Top US and Chinese officials have resolved most of the issues standing in the way of a deal to end their long-running trade dispute...Of course U.S. equity futures immediately went from red to green on the above newsflash. Thing is, the Dow future contract, for example went from down 50 to up 40, not from down 50 to up 400 (and some [a bunch]), as you might expect on such news.
Upon reading the article, it became clear to me why the muted reaction.
Here's what I'm getting at: emphasis mine...
Although an agreement was within reach, the two sides remain apart on two key issues — the fate of existing US levies on Chinese goods, which Beijing wants to see removed, and the terms of an enforcement mechanism demanded by Washington to ensure that China abides by the deal.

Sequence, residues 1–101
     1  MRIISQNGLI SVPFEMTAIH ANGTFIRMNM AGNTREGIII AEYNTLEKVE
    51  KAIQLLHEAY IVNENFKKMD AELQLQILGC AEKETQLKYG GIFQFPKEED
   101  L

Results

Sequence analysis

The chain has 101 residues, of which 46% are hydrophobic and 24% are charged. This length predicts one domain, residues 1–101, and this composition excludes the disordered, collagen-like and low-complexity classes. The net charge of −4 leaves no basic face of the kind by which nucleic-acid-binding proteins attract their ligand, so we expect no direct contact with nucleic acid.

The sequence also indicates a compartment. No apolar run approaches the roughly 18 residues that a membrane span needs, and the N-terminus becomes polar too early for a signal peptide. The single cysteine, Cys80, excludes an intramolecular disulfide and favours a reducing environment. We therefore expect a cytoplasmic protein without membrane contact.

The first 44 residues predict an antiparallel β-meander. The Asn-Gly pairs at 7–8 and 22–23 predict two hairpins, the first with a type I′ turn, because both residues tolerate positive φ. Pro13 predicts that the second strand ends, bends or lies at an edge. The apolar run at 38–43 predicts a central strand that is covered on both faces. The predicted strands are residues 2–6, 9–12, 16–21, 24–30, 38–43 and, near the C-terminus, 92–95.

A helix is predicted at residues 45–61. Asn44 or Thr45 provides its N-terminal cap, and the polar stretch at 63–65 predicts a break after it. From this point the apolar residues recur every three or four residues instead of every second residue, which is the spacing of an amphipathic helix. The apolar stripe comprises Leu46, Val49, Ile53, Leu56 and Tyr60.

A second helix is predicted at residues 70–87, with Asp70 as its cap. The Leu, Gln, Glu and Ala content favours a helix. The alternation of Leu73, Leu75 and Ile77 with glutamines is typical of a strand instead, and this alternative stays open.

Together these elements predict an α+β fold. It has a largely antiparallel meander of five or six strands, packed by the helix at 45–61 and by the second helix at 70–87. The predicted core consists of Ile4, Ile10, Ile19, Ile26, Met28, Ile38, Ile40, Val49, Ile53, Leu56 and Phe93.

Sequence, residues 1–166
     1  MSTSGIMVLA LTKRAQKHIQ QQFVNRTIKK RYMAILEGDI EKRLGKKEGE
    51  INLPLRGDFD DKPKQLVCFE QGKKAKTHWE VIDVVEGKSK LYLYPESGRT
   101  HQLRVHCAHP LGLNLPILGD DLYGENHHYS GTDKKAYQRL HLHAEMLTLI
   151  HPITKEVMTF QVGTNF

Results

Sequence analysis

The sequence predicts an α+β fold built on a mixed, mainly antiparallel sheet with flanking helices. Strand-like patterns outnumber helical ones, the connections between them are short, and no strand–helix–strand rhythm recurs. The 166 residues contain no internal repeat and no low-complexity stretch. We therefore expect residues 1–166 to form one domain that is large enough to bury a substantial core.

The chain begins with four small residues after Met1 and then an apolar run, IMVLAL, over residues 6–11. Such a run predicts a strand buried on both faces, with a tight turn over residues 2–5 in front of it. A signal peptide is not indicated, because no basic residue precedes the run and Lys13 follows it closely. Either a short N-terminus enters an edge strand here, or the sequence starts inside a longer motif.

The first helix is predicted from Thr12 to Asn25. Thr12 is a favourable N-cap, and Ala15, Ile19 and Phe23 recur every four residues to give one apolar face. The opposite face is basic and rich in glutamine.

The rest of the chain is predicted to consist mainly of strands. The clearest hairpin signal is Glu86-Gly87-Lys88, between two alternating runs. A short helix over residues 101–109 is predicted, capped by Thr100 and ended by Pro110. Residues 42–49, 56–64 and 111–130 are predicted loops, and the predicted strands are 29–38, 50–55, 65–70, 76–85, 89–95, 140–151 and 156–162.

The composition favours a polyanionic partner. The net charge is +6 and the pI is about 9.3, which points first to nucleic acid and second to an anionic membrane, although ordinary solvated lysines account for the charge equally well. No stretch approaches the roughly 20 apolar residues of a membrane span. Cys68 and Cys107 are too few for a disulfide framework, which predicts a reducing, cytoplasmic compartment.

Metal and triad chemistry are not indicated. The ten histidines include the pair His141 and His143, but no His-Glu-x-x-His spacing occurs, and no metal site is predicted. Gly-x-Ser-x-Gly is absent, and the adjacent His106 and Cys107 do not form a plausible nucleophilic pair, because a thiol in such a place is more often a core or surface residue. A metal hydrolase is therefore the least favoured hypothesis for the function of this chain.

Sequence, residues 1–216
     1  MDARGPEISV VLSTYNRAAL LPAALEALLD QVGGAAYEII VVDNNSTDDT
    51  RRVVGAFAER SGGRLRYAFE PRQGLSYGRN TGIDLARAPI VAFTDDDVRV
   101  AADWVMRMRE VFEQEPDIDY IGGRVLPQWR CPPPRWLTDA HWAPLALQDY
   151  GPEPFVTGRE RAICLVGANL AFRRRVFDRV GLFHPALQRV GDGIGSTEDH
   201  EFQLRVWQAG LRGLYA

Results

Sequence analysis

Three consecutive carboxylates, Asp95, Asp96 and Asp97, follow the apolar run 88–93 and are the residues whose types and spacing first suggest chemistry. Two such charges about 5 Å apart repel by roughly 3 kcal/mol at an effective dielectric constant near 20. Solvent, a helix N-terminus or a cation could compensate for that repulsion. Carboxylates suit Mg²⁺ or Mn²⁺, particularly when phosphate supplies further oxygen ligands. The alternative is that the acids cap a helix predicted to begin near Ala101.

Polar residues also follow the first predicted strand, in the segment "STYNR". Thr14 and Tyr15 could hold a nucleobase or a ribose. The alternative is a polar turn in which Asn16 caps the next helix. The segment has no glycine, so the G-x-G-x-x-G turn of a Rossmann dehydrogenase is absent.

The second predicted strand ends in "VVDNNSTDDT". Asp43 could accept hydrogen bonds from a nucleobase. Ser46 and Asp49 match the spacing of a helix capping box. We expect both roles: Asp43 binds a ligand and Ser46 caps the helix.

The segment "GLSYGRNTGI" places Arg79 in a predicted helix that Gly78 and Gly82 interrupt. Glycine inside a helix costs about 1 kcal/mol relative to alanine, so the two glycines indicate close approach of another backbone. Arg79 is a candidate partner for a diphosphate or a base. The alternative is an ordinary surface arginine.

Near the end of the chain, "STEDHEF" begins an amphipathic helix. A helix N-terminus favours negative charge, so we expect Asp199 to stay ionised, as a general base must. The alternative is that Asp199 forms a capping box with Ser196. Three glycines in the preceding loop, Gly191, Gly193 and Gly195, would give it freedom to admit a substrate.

“We’re getting into the end-game stage,” said Myron Brilliant, executive vice-president for international affairs at the US Chamber of Commerce. “Ninety per cent of the deal is done, but the last 10 per cent is the hardest part, it’s the trickiest part and it will require trade-offs on both sides,” he told reporters on Tuesday.Yep, that last 10% is THE issue, make no mistake! As I've been emphasizing herein, while a signed deal may indeed give the market a nice boost, if it does not do away with the economically-damaging existing tariffs, it will not produce the lasting stock market reaction the Administration is hoping for -- I can virtually assure you.
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